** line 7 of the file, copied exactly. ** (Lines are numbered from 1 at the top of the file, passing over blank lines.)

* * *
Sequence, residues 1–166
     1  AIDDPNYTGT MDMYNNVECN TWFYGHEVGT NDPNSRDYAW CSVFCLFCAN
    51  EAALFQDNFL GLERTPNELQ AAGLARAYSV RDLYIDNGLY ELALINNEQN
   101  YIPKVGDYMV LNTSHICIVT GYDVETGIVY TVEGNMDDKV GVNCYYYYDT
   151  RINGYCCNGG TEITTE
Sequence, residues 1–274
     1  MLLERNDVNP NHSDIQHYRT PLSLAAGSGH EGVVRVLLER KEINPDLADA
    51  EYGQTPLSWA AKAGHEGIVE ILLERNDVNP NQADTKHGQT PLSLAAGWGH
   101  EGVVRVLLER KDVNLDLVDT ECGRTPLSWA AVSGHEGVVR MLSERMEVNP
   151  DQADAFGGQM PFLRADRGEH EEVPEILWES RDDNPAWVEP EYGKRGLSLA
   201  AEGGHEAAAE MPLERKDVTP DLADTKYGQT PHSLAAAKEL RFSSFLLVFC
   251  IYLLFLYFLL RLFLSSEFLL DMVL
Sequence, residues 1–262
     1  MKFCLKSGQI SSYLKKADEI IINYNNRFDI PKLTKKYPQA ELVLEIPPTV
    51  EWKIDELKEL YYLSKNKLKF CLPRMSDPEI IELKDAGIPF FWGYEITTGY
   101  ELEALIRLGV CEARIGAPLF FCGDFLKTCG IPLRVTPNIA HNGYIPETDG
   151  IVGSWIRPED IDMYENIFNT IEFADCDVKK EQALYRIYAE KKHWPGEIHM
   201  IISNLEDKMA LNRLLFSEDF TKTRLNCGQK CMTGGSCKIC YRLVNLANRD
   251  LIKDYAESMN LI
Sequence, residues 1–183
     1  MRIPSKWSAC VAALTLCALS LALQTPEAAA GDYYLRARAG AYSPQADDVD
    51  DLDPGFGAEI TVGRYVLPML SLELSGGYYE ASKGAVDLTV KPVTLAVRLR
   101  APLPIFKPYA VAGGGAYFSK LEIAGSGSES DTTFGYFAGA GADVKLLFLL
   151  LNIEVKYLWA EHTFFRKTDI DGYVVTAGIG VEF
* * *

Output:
     1  MLLERNDVNP NHSDIQHYRT PLSLAAGSGH EGVVRVLLER KEINPDLADA